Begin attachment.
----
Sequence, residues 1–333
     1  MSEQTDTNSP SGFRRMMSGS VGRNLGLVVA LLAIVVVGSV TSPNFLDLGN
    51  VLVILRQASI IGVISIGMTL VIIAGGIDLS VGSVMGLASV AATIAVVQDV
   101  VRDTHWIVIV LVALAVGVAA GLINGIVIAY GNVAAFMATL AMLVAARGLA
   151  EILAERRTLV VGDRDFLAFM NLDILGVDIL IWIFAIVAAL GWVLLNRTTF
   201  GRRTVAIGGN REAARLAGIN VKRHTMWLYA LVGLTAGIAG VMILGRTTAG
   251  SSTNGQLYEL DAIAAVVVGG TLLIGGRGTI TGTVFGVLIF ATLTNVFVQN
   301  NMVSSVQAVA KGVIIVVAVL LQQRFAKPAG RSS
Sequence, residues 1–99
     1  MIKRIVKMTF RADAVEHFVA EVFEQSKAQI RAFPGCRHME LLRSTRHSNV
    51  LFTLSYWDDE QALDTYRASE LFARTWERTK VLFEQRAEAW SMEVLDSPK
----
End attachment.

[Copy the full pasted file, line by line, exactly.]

Sequence, residues 1–333
     1  MSEQTDTNSP SGFRRMMSGS VGRNLGLVVA LLAIVVVGSV TSPNFLDLGN
    51  VLVILRQASI IGVISIGMTL VIIAGGIDLS VGSVMGLASV AATIAVVQDV
   101  VRDTHWIVIV LVALAVGVAA GLINGIVIAY GNVAAFMATL AMLVAARGLA
   151  EILAERRTLV VGDRDFLAFM NLDILGVDIL IWIFAIVAAL GWVLLNRTTF
   201  GRRTVAIGGN REAARLAGIN VKRHTMWLYA LVGLTAGIAG VMILGRTTAG
   251  SSTNGQLYEL DAIAAVVVGG TLLIGGRGTI TGTVFGVLIF ATLTNVFVQN
   301  NMVSSVQAVA KGVIIVVAVL LQQRFAKPAG RSS
Sequence, residues 1–99
     1  MIKRIVKMTF RADAVEHFVA EVFEQSKAQI RAFPGCRHME LLRSTRHSNV
    51  LFTLSYWDDE QALDTYRASE LFARTWERTK VLFEQRAEAW SMEVLDSPK